[cabfpub] Proposal for modified Google SHA-1 deprecation policy
kirk_hall at trendmicro.com
kirk_hall at trendmicro.com
Thu Aug 28 19:04:24 MST 2014
Ryan and Chris – here is a serious proposal for a modified Google SHA-1 policy. It meets all of your stated goals. Please give it some consideration.
1. SHA-1 certs issued on or after [Nov. 1, 2014] that expire on or after January 1, 2017 get a double whammy bad UI in Google upon issuance – red slash and nasty click-throughs. (This will stop issuance of 2017 SHA-1 certs this fall.)
2. SHA-1 certs issued before [Nov. 1, 2014] that expire on or after January 1, 2017 get a double whammy bad UI in Google starting [March 1, 2015] – red slash only and nasty click-throughs. (This will force existing websites with 2017 SHA-1 certs to change them within the next six months).
Result: All 2017 SHA-1 certs will be gone by next March 2015 – which certainly meets your goals. Customers with existing 2017 certs can get through this holiday season, CAs can get the message out.
1. CAs that have never issued 2017 certs, and never will (like Trend Micro) and their customers are not affected – that’s appropriate, as we have never been a part of this problem.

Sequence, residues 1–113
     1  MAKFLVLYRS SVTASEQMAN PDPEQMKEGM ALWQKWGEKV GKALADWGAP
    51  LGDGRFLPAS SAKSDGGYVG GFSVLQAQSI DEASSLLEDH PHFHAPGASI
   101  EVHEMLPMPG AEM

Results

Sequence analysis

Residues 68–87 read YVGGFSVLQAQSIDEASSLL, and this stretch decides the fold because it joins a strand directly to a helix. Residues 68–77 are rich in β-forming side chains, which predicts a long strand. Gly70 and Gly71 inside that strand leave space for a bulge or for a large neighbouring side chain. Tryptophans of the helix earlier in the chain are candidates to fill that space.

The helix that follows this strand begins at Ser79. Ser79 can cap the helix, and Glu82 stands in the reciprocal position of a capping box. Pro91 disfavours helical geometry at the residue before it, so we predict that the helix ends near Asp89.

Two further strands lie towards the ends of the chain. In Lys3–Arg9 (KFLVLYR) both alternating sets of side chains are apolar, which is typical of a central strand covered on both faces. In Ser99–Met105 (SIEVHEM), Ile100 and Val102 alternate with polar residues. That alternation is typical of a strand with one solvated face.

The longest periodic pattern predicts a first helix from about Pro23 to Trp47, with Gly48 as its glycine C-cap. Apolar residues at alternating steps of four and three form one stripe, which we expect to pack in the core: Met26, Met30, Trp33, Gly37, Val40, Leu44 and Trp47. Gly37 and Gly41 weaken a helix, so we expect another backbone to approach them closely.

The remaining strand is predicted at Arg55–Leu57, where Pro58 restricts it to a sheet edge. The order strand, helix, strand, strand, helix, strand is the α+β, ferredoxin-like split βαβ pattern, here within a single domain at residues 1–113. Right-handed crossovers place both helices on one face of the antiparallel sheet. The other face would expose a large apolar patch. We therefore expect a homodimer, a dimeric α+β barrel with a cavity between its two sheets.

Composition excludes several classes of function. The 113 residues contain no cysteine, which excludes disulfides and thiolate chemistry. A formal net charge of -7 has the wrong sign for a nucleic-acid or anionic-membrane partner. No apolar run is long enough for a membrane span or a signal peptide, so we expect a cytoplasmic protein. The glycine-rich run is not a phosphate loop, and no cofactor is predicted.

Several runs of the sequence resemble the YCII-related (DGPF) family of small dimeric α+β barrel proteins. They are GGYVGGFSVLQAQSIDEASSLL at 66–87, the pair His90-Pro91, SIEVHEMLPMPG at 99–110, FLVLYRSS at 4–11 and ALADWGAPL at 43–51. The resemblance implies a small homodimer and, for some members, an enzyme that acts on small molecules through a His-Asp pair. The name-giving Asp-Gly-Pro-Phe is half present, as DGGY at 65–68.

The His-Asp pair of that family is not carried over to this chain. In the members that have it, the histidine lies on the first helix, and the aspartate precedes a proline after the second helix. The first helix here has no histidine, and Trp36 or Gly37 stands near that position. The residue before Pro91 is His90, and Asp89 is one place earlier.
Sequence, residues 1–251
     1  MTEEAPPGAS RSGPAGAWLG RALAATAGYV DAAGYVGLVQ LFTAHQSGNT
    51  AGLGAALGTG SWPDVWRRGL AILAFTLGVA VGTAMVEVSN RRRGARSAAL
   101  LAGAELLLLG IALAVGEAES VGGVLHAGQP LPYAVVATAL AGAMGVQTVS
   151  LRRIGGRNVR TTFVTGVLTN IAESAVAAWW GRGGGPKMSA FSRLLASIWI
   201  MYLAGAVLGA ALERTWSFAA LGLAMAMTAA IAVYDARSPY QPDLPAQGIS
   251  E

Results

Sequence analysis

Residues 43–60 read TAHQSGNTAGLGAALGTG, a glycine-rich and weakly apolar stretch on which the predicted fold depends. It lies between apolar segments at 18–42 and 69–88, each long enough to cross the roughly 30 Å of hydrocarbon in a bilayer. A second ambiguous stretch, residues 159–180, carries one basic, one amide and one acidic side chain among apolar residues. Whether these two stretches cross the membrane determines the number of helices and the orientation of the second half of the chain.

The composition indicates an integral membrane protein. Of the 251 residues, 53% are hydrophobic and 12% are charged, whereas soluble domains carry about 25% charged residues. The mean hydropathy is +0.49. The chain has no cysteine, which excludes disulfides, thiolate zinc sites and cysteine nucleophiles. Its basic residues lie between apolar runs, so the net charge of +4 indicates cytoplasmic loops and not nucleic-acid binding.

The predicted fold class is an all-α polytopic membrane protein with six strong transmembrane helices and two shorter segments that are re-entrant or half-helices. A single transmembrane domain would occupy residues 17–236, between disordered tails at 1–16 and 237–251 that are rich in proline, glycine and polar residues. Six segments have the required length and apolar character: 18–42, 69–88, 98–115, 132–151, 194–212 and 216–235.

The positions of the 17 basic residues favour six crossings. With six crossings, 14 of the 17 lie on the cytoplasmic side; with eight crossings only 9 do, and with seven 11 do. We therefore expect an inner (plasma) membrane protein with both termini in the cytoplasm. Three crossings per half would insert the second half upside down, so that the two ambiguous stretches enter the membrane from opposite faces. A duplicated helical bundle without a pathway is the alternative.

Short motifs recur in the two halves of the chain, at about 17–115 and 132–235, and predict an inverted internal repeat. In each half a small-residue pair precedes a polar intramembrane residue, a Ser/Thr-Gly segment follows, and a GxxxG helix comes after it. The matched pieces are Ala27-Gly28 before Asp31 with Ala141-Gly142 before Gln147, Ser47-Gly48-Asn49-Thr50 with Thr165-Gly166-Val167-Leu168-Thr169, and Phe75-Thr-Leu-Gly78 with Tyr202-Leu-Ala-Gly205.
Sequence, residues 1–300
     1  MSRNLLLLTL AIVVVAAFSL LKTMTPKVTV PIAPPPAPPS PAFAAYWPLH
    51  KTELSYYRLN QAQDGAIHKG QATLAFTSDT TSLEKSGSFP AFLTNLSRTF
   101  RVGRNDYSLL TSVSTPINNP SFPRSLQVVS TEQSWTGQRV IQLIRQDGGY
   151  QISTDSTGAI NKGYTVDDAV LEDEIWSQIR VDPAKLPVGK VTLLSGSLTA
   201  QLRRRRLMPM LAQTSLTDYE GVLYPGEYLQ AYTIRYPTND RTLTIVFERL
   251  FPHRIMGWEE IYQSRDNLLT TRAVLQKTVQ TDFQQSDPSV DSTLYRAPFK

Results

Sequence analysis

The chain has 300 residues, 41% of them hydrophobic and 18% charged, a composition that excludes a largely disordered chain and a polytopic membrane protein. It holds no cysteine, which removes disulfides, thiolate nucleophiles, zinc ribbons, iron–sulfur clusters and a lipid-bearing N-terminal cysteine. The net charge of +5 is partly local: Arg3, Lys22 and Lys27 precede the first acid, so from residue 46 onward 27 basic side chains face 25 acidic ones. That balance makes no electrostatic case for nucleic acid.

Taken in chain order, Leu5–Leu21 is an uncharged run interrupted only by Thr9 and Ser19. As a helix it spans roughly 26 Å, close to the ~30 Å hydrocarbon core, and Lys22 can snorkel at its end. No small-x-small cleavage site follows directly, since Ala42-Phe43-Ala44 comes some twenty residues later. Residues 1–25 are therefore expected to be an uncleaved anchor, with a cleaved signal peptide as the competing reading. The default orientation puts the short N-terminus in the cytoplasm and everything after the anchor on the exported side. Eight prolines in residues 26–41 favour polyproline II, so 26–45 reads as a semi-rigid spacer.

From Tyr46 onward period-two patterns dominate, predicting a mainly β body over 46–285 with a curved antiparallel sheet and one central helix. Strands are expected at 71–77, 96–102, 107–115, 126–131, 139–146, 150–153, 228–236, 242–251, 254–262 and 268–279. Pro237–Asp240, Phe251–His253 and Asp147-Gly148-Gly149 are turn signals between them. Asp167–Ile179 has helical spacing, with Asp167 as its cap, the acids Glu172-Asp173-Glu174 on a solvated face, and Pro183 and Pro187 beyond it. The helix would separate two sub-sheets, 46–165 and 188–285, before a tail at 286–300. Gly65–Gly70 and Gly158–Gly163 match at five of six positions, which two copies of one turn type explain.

2. CAs that have issued three year SHA-1 certs expiring in 2017 will stop by this fall.
3. CAs that have issued 2017 certs in the past (and their customers) will be affected, but will have six months to adjust. That will be a much smaller number of customers affected than if those with 2016 certs are forced to change their certs twice (in 2014 and again in 2015).
4. All SHA-1 certs will likely be gone by next spring.
I don’t think Google should spend much time worrying about how CAs communicate with their customers about the need to move to SHA-256 before 2017 – that’s for us to worry about, and we are all strongly incentivized to get the message out (selling a 2017 cert that doesn’t work creates legal problems, and none of us wants to be dealing with angry SHA-1 customers in late 2016 who have to switch to SHA-256). We may also be able to get behind Google’s policy if it is revised – something that isn’t the case today.
You mentioned somewhere that you worried that simply deprecating SHA-1 certs as of 2017 could create a big customer service burden on Google as of late 2016 or early 2017. I don’t think that’s the case with this new proposed policy, as all the negative UI effects will happen in 2014-15. Plus, I predict Google will be deluged with customer service complaints under your current policy, when thousands of websites start showing as “untrusted” in the next 6-12 weeks. Why not make life easier for Google with a revised policy?
So what do you think? Can we make a change to the policy that is focused on the real problem (2017 certs)?
Thanks for your consideration.
Kirk R. Hall
Operations Director, Trust Services
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